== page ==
Thursday, December 27, 2007

Fiddler's Green: Francis C. Armstrong

Frank Armstrong is one of the unusual few soldiers who had the distinction of leading both Union and Confederate troops into battle during the war.

Francis Crawford Armstrong was born on November 22, 1835, at the Choctaw Agency near Scullyville, Indian Territory. His father, Frank W. Armstrong, was an Army officer serving at the agency until his death during Frank’s childhood. His mother remarried soon after, to General Persifor Smith, a Mexican War veteran. He was educated at Holy Cross Academy in Worcester, Massachusetts, enrolling in his studies on January 19, 1845.

Frank accompanied his stepfather on a military tour of Texas in 1854. During an encounter with hostile Indians in New Mexico Territory near El Paso, Frank so distinguished himself that he was awarded a direct commission into the Army upon his graduation from Holy Cross the following year.

Frank Armstrong was appointed a second lieutenant in the 2nd U.S. Dragoons from Texas on June 7, 1855. He was initially assigned to Fort Riley, Kansas, where he served until June, 1857. He later served at Fort Leavenworth and on the Utah expedition until August 1858. Armstrong was promoted to first lieutenant, 2nd Dragoons on March 9, 1859. After a brief leave of absence, he was assigned to Fort Kearny as the aide-de-camp to General Harney until May 1861. Armstrong was promoted to captain, 2nd Dragoons, a month later on June 6th.

Captain Armstrong commanded Company K, 2nd U.S. Dragoons during the first Battle of Bull Run, and was attached to Colonel Hunter’s division. Disillusioned following the battle, he resigned on August 13, 1861 and enlisted in the Confederate Army.

Armstrong served initially as an assistant adjutant general on the staff of General Ben McCulloch until he was killed at the Battle of Pea Ridge. Promoted shortly thereafter to Major, he then served briefly on the staff of General James McIntosh. Armstrong was elected Colonel of the 3rd Louisiana Infantry, but served very briefly with them before he was given command of General Sterling Price’s cavalry.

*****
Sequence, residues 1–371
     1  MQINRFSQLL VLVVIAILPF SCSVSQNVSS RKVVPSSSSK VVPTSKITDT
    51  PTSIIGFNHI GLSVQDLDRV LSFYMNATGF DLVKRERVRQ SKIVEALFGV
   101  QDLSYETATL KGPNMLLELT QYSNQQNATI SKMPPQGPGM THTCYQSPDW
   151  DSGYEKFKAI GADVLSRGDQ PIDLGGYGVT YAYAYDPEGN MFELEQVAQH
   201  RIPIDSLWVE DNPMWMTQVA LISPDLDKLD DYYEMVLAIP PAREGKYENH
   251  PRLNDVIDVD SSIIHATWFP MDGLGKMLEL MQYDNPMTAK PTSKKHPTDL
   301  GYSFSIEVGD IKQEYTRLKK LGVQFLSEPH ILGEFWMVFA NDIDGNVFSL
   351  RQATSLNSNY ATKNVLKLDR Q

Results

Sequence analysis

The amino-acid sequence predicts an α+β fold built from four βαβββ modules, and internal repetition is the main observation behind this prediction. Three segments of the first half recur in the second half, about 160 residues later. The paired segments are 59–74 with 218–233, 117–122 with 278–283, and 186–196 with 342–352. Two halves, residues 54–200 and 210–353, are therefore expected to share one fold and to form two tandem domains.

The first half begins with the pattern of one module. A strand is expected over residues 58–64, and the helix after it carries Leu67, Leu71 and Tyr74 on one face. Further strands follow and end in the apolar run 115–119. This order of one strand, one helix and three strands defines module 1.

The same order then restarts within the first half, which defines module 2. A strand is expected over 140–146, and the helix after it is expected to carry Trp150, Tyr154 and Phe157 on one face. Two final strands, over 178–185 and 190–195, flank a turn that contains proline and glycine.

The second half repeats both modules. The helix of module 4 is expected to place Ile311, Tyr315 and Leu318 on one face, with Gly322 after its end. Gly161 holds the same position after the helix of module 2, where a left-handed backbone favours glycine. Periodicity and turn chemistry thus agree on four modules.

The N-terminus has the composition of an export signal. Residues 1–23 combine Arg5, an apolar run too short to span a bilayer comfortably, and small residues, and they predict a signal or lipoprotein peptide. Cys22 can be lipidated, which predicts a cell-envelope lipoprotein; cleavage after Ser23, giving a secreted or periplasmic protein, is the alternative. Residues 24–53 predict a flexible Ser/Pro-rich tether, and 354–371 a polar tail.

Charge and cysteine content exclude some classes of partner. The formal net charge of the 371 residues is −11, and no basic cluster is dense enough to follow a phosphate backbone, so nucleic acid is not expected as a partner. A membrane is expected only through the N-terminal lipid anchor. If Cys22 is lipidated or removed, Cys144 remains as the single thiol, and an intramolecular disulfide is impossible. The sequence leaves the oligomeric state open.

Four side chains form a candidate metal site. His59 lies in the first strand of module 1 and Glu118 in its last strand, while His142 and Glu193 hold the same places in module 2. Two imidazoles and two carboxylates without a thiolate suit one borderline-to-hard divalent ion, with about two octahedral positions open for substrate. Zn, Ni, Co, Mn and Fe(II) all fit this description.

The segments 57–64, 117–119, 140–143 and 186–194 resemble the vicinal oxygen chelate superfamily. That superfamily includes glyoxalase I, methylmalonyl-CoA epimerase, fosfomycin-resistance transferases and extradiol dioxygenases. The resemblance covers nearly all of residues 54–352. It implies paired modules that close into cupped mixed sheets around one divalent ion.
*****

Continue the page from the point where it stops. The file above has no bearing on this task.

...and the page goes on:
He effectively covered Confederate retreats following defeats at Iuka and Corinth at the end of 1862, and was promoted to brigadier general in the Confederate Army on January 30, 1863.

He served through the majority of 1863 under General Nathan B. Forrest, effectively leading his brigade. He commanded a dismounted cavalry division under Forrest with distinction at the battle of Chickamauga. “The charges made by Armstrong’s brigades while fighting on foot would be creditable to the best drilled infantry,” said Forrest in his report on the battle.

In February 1864, Armstrong requested a transfer to the command of Stephen D. Lee, and was assigned command of a brigade of Mississippi cavalry. This brigade consisted of the 1st, 2nd, 28th and Ballentyne’s Mississippi cavalry regiments, and served under Armstong’s command until the end of the war.

Armstrong’s brigade was very active during the Atlanta campaign, then afterwards during Hood’s Tennessee campaign. He led much of Forrest’s rear guard during the army’s long retreat from its disastrous defeat at Nashville.

His last battle of the war was at Selma, Alabama on April 2, 1865. His hopelessly outnumbered command was overwhelmed by Union cavalry under General James H. Wilson. Armstrong escaped after the battle and later surrendered in Macon, Georgia.

After the war, Armstrong worked with the Overland Mail Service in Texas. He was later a U.S. Indian Inspector from 1885 to 1889, and served as an Assistant Commissioner of Indian Affairs from 1893 to 1895.

Frank Armstrong died at his daughter’s summer home in Bar Harbor, Maine after a long illness on September 8, 1909. He is buried in Rock Creek Cemetery, Washington, D.C.


Evans, Clement, ed. Confederate Military History, Volume VIII, (Atlanta: Confederate Publishing Company, 1899)

Evans, David. Sherman’s Horsemen. (Bloomington: Indiana University Press, 1999)

Foreman, Carolyn Thomas. “The Armstrongs of Indian Territory” in Chronicles of Oklahoma, Volume 31 (

Heitman, Francis B. Historical Register and Dictionary of the United States Army (Washington: Government Printing Office, 1903), page 292.

Rodenbough, Theophilus F. From Everglade to Canyon with the Second United States Cavalry (New York: D. Van Nostrand, 1875)

Warner, Ezra. Generals in Gray. (Baton Rouge: Louisiana State University Press, 1959), pages 12-13.


DW@CWBA said...

There's a really nice book called "The Raiders of 1862" (author's name is James Brewer) that details Armstrong's summer '62 raid (Medon, Britton's Lane, etc.). It's a great addition to the 'cavalry library'. It's been reprinted a few times, sometimes at outrageous prices, but you should probably be able to find a reasonable one if you're interested.


Don said...


Thanks for the tip, found a couple of copies on Amazon. The reviews certainly make it sound like a great reference.